UK construction steadies but pessimism grows about the future

Britain’s construction activity consolidated in May but concerns grow about new orders falling and companies becoming more pessimistic about the outlook for growth.

The latest IHS Markit/CIPS UK Construction Purchasing Managers’ Index for May scored exactly the same figure as April of 52.5. Although the score represents a resurgence from those levels in March when firms were stifled by the Beast from the East, the drop in new orders has caused the highest level of concern and has led to forecasters predicting the possible same downward trend of the first quarter of 2018.

The May report highlights the continued uncertainty of Brexit and fragile business confidence as two of the main factors companies noted as main reasons for delays in building decisions. It’s the fourth time that new orders have declined in the space of five months.

Furthermore, job creation declined and companies reported a sharp rise in their costs, in part due to higher oil prices, according to the paper. Confidence in the outlook for growth fell to a seven-month low.

Sam Teague, economist at IHS Markit, said: “The May PMI data signalled an unchanged pace of activity growth across the UK’s construction sector since April’s somewhat underwhelming rebound, yet nevertheless indicating a recovery in the second quarter after the contraction seen at the start of the year. However, activity in May was once again buoyed by some firms still catching up from disruptions caused by the unusually poor weather conditions in March, and a renewed drop in new work hinted that the recovery could prove short-lived. With new order books deteriorating and cost pressures picking back up, it’s not surprising to see construction firms taking a dimmer view of prospects and pulling-back on hiring, all of which makes for a shaky-looking outlook.”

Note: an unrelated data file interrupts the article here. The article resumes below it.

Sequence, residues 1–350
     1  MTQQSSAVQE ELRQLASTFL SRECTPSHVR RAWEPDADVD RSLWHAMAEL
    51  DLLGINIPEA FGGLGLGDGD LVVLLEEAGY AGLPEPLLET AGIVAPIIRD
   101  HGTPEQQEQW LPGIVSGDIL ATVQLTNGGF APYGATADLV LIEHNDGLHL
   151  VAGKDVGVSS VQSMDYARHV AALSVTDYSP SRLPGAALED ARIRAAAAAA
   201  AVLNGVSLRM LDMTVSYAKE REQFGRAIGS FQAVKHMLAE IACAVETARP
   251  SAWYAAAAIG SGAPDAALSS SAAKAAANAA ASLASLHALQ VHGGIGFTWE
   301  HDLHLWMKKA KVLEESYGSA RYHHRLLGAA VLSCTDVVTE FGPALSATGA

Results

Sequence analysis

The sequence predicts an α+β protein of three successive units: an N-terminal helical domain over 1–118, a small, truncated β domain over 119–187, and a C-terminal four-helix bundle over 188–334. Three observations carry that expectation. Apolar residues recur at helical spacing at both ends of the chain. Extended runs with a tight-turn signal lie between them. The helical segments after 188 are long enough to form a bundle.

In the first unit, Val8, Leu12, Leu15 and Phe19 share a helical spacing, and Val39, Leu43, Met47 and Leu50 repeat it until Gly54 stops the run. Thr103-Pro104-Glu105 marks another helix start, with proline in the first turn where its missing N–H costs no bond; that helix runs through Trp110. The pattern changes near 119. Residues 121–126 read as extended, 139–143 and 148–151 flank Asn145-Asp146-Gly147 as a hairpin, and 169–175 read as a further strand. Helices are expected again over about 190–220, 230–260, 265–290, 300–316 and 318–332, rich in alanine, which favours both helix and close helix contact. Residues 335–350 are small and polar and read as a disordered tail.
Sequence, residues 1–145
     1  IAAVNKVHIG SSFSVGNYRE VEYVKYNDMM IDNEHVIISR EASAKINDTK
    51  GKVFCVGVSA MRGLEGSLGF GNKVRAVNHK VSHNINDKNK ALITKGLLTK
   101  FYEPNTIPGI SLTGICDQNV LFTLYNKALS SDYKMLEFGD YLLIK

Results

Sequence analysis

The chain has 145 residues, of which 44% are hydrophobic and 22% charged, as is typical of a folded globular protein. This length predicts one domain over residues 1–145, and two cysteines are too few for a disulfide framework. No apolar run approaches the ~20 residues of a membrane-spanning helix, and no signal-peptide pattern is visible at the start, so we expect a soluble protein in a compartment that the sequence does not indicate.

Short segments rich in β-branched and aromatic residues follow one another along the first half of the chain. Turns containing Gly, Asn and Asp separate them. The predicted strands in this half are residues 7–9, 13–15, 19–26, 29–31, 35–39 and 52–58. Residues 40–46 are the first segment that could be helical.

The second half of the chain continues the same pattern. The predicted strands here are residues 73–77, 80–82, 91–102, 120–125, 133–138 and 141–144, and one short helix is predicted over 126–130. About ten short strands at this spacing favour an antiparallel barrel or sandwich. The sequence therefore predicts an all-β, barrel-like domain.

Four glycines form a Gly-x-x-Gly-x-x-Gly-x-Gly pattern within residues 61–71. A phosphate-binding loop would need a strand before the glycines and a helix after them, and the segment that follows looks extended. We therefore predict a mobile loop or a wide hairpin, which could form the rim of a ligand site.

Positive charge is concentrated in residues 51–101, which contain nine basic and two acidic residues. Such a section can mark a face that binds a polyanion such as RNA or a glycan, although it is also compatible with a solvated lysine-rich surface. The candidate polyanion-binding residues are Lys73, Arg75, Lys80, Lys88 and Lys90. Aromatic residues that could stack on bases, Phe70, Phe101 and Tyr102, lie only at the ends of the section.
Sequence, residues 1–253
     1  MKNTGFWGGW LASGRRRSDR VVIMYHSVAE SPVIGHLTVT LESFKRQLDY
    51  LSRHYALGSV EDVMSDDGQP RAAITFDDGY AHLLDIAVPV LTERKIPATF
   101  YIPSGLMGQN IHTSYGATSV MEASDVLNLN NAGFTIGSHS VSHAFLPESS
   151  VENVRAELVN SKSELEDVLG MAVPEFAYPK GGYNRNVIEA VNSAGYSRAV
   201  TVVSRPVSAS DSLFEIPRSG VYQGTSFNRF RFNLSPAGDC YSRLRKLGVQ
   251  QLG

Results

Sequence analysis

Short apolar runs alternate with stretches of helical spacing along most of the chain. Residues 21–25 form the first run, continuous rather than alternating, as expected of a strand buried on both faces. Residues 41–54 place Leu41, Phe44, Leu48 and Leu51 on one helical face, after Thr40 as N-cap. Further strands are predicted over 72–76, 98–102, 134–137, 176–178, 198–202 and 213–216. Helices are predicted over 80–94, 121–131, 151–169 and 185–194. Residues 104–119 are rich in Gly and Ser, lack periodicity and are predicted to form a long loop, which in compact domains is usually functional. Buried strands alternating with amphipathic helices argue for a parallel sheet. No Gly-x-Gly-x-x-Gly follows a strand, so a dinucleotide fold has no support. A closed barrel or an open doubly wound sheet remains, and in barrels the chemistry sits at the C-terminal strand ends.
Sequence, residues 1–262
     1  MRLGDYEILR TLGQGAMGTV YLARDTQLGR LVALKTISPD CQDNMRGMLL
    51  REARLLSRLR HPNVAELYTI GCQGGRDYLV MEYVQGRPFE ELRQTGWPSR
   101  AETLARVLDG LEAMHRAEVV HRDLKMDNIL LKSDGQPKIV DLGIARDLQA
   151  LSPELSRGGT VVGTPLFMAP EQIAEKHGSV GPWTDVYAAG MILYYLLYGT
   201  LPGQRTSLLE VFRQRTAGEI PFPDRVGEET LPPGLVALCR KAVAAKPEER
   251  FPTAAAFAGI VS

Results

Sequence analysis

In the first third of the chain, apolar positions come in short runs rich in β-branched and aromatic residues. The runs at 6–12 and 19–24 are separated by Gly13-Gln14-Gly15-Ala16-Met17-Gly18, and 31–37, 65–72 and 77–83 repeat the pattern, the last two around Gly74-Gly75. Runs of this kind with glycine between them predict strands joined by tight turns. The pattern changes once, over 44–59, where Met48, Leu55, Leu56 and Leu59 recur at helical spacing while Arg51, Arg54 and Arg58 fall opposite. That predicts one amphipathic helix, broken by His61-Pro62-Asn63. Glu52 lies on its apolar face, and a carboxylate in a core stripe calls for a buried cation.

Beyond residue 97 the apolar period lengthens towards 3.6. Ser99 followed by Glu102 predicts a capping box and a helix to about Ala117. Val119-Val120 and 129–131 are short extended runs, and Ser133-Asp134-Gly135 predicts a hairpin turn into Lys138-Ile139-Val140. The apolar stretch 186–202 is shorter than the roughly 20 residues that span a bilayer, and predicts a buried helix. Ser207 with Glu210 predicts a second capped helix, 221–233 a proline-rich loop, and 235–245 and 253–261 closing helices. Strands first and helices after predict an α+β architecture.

Commenting on the latest data, Mark Robinson, chief executive of Scape Group, said: “Although it is extremely positive to see that housebuilding activity remained buoyant in May as it continues to rebound from the heavy snow in March, it is disappointing to see overall construction new orders and outlook decline.  The industry is suffering from ongoing political uncertainty, despite the clear long-term requirement for infrastructure investment. The expanding UK population is placing considerable pressure on our public services, and a lack of proper upkeep and investment will put a strain on local economies, as evidenced by Northern Rail over the past week. Spend on improved connectivity will unlock huge growth potential for our regions and for the UK economy as a whole."

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